THE WALL STREET
Join Tax-Deal Push
Hedge Fund Marcato Seeks to
Interest Big Hotel Companies in Inversion Bid for InterContinental
Aug. 3, 2014 11:49
Adding the latest in-vogue deal maneuver to their playbook, activist
investors are pressing for overseas mergers that can slice tax bills.
A hedge fund is gauging interest in InterContinental Hotels.
In the latest example, Marcato Capital Management LP hired an
investment bank to try to drum up interest from U.S. hotel companies
that could possibly cut down on their tax bills by buying U.K.-based
InterContinental Hotels Group
PLC, according to people familiar with the matter.
The $3 billion activist hedge fund says it owns about a 4% stake in
InterContinental and has
called on the owner of the InterContinental and Holiday Inn
chains to explore a deal. Now, the people said, Marcato is trying to
ramp up the pressure by hiring the bank, Houlihan Lokey, and focusing
on the possibility of a tax-beneficial merger.
A spokeswoman for InterContinental declined to comment.
With these deals,
known as tax
inversions, a U.S. company buys a foreign target and adopts
its home country's domicile or that of another foreign country, with a
tax rate lower than the U.S.'s relatively high 35% corporate rate. For
a deal to qualify as an inversion, shareholders of the acquired
company must receive stock amounting to at least 20% of the resulting
The tactic has become increasingly popular this year, with companies
rushing to keep up with rivals and seal deals before any policy change
that thwarts them.
called on Congress
to stop the flow of companies moving abroad by changing the
The wish lists of activist investors, which typically buy up shares in
companies and urge strategic or financial changes, often reflect a hot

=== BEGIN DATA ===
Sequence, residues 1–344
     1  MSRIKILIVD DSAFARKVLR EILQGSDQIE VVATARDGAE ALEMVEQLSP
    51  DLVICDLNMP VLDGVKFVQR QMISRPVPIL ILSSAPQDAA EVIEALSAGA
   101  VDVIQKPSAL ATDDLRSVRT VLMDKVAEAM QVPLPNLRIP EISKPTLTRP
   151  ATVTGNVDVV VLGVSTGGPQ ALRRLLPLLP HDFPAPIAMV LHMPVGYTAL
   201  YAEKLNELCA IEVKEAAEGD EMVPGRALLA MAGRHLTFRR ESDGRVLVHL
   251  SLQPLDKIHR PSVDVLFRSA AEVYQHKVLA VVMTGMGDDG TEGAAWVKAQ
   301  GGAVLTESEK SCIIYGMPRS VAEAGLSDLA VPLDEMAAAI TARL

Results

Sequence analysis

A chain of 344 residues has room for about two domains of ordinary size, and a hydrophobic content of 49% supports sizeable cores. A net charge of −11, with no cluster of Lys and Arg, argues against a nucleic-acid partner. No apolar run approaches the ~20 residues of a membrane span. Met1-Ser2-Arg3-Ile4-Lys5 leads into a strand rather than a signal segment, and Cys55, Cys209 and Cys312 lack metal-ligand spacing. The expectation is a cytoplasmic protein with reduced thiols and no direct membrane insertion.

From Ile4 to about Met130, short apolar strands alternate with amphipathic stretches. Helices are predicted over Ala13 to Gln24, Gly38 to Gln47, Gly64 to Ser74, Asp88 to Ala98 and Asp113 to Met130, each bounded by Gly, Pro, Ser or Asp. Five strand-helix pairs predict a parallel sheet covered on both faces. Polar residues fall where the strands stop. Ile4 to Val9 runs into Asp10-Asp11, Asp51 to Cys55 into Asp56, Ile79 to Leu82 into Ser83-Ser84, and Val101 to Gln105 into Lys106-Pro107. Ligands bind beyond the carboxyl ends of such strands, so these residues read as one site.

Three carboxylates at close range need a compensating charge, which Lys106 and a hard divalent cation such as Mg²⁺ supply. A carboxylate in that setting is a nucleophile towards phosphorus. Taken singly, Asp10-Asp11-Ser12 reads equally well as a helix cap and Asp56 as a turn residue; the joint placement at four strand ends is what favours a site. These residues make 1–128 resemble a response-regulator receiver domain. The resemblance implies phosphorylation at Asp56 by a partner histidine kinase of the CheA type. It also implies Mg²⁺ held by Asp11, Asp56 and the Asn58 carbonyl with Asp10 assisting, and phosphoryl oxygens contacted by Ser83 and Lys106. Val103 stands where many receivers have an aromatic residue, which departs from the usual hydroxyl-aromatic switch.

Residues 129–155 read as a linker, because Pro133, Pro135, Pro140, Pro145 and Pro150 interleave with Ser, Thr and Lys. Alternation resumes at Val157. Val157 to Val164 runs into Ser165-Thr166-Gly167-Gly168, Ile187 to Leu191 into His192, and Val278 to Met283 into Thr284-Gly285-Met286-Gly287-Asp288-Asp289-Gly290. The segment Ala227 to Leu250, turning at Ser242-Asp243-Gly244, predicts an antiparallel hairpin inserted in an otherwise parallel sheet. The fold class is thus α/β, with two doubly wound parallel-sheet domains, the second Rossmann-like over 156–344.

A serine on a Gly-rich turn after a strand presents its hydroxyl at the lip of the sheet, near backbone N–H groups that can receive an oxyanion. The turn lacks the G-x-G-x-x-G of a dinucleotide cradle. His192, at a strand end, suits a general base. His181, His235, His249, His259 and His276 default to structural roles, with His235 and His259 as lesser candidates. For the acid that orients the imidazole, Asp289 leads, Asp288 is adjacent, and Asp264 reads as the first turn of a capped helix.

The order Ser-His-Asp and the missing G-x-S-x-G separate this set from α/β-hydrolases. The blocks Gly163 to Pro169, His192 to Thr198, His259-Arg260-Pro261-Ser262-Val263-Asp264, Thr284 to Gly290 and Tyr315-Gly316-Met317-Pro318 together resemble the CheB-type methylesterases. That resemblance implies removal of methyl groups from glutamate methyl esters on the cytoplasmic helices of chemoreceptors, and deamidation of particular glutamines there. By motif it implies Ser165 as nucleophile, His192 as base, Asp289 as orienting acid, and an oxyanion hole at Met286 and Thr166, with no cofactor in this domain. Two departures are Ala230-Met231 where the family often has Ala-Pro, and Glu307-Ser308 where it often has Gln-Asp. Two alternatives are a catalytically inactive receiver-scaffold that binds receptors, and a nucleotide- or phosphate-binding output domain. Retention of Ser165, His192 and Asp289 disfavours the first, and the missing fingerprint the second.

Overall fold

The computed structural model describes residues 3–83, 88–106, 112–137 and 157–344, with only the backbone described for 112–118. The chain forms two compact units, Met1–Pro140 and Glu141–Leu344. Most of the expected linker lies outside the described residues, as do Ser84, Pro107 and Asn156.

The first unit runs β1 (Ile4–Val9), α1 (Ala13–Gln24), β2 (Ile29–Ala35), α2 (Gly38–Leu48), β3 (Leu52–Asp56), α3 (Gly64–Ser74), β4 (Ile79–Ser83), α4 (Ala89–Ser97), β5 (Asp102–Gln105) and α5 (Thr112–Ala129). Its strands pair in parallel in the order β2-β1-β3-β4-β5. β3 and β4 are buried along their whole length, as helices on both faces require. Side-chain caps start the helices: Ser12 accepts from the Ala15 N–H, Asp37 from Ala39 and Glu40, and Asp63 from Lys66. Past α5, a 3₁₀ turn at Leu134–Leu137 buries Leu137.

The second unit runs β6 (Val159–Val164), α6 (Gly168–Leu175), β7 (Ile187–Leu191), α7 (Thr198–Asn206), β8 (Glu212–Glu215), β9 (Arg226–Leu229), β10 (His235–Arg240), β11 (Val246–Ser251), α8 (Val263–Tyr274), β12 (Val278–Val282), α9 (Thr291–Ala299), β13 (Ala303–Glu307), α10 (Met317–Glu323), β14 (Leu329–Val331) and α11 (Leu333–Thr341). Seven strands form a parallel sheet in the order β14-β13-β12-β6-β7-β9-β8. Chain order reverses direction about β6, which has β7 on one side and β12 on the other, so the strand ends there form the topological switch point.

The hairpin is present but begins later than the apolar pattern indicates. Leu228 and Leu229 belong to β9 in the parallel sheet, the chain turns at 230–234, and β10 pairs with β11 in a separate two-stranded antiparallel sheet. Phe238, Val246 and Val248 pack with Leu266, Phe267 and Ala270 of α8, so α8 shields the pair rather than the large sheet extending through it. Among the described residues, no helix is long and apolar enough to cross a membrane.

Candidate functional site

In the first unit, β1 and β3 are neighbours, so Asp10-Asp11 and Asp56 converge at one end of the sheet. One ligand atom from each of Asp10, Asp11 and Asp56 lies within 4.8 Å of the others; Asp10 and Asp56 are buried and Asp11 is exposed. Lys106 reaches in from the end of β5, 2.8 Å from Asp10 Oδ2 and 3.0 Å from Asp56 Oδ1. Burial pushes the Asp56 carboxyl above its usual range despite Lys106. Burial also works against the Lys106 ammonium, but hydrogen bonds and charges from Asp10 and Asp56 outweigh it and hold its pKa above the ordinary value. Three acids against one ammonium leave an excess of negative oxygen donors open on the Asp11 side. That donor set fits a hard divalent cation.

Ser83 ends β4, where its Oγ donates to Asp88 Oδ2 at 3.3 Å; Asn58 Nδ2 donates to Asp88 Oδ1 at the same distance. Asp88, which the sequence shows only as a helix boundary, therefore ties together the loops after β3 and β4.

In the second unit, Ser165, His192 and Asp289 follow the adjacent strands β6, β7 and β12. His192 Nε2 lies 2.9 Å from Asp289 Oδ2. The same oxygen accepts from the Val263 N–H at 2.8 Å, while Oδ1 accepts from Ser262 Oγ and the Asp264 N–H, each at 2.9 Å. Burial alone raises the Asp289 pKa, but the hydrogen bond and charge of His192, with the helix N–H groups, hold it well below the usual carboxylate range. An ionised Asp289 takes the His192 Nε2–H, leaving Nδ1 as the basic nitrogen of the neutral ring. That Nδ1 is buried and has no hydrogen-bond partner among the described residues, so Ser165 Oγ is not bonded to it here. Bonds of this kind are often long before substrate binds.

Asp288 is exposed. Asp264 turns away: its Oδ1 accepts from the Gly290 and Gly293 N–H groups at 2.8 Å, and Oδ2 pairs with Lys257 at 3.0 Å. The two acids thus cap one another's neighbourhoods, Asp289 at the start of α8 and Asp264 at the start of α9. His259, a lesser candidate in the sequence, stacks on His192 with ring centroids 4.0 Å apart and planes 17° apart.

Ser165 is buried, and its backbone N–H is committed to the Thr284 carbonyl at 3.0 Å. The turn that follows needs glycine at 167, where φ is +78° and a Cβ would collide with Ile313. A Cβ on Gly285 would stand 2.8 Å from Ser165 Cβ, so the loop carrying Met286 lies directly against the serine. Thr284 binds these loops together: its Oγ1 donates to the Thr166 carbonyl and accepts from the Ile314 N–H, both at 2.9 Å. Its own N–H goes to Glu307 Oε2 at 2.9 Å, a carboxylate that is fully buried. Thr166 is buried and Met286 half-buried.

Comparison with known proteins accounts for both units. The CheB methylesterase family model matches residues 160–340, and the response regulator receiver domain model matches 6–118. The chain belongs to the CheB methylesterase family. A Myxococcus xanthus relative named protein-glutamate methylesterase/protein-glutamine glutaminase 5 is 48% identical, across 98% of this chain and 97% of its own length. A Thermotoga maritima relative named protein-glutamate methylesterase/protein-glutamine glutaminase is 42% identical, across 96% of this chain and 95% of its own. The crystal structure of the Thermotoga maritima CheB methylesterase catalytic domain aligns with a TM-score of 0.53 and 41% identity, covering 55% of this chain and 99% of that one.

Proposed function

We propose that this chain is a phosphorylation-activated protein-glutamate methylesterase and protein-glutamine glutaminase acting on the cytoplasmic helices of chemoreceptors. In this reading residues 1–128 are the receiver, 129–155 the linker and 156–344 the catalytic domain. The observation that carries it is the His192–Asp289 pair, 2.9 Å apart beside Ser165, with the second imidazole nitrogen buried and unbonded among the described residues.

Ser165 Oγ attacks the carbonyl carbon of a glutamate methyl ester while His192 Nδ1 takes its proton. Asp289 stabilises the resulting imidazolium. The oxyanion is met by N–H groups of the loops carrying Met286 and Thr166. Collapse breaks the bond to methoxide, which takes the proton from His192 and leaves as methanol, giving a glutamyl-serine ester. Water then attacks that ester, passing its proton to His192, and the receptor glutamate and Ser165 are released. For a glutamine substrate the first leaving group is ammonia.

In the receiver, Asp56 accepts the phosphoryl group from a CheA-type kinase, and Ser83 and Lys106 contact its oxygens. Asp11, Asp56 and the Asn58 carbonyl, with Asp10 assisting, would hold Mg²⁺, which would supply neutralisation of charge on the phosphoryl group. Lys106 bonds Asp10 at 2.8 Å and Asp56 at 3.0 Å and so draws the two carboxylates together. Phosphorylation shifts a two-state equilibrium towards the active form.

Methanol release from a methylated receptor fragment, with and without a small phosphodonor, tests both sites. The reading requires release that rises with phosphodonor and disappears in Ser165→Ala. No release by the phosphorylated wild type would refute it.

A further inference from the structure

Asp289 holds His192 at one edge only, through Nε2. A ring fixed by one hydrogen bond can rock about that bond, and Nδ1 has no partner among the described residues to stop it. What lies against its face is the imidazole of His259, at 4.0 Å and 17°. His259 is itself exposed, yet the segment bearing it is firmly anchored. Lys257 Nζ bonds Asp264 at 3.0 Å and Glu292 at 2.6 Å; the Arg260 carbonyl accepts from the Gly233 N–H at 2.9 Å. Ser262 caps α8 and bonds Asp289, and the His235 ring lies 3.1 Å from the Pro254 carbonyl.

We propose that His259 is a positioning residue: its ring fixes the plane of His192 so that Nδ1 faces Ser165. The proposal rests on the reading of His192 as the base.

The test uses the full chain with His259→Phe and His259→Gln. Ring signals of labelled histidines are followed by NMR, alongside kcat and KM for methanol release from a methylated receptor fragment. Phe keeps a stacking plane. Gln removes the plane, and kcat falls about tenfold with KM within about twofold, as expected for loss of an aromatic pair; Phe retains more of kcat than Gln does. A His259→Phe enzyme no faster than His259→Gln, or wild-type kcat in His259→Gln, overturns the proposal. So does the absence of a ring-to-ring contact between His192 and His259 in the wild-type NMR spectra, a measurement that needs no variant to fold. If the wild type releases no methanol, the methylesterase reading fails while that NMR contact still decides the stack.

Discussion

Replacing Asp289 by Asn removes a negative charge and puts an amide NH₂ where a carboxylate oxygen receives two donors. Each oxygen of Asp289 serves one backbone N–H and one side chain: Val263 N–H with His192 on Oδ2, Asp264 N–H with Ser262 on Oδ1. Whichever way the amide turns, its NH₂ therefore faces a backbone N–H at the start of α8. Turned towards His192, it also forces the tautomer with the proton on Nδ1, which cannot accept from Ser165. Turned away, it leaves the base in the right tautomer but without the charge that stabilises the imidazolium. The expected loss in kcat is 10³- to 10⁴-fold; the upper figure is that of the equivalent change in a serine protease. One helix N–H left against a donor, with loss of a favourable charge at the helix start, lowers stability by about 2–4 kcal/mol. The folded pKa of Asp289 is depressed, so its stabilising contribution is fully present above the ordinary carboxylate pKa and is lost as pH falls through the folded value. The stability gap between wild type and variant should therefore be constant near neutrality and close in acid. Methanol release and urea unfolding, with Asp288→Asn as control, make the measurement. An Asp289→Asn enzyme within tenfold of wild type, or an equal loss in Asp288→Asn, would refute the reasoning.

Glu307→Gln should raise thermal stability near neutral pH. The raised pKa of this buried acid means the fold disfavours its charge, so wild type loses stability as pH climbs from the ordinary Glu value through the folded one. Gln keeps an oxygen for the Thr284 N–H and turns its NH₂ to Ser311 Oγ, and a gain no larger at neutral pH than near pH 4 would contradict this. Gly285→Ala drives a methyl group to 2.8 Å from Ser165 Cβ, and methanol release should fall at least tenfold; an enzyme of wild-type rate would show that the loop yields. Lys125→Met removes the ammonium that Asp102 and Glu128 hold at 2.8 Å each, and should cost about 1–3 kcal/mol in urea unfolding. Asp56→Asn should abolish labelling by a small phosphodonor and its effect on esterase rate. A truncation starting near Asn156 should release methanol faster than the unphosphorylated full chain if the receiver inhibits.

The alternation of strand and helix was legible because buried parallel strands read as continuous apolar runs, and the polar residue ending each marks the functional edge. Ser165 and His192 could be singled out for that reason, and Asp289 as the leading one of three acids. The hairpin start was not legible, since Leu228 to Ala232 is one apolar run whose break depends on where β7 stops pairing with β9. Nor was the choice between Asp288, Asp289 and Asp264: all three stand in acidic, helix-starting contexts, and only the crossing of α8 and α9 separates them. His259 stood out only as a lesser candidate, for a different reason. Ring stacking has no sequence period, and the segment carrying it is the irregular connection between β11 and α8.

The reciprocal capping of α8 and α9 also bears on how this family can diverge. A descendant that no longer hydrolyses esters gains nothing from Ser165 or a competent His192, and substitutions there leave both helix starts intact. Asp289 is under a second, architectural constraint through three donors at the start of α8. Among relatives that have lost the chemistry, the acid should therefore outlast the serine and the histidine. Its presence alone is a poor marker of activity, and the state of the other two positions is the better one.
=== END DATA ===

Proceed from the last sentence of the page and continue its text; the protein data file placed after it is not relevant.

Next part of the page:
trend in the market.
For much of 2013, for example, as companies bought back shares at
record levels, activists ramped up pressure on the ones that didn't do
Activists have long pushed various moves to lower taxes. They have
urged restaurant chains to put real-estate holdings into tax-efficient
vehicles known as real-estate investment trusts. Energy companies have
been pushed to create similar structures with their pipelines, known
as master limited partnerships.
Now tax inversions are emerging as the latest wedge.
On the U.S. side, Jana Partners LLC, one of the biggest activist
funds, has taken a stake in
Walgreen Co. and wants the
Deerfield, Ill., drugstore company to set up residency overseas.
has the makings of a deal in place—its potential purchase
of the rest of the European drug chain Alliance Boots GmbH that it
doesn't already own. At issue is whether it would change its domicile
for tax purposes in doing such a deal.
Doing so could cut Walgreen's effective tax rate by more than a third,
analysts have said. Walgreen's shares are up about 25% this year.
Walgreen has said it is looking at the option.
has cited tax benefits in his push, so far unwelcome, with Canada's
Valeant Pharmaceuticals International
Inc. to take over
Allergan Inc. of Irvine,
Sachem Head Capital Management, a $1.6 billion New York-based hedge
fund, this year urged
Helen of Troy Ltd. a
Bermuda-based maker of personal-care products, to seek a U.S. buyer.
In a public letter, the hedge fund called Helen of Troy "a potential
candidate for an inversion transaction." Helen of Troy later acquired
U.S. vitamin maker Healthy Directions LLC.
A memo to clients earlier this year from Wachtell, Lipton, Rosen &
Katz, the New York corporate-law firm known for defending clients
against activists, warned "companies have now begun to experience
pressure from shareholders to pursue inversion transactions."
Marcato, based in San Francisco, began building its position in
InterContinental earlier this year when the hedge fund was looking for
ways to gain investment exposure to the surge in tax-inversion deals,
one person familiar with the fund said.
Marcato isn't worried about Congress changing the rules on inversions
because it doesn't expect it to happen soon, according to a person
familiar with the firm's thinking. The hedge fund also believes there
are more than just tax reasons for an InterContinental deal, as a
combination could include cost cuts or other strategic benefits, the
There has already been media speculation InterContinental could be
attractive to such U.S. companies as
Starwood Hotels & Resorts Worldwide
Wyndham Worldwide Corp.
Yet there has been no deal, and the speculation has driven up the
price of InterContinental shares. The company's stock is up 9.5% this
year, making it a relatively expensive target with a $9.4 billion
Meanwhile, Starwood Friday announced an aggressive plan to buy back
$1.1 billion in stock and pay a special dividend, lowering its cash
pile for any deal.
David Benoit at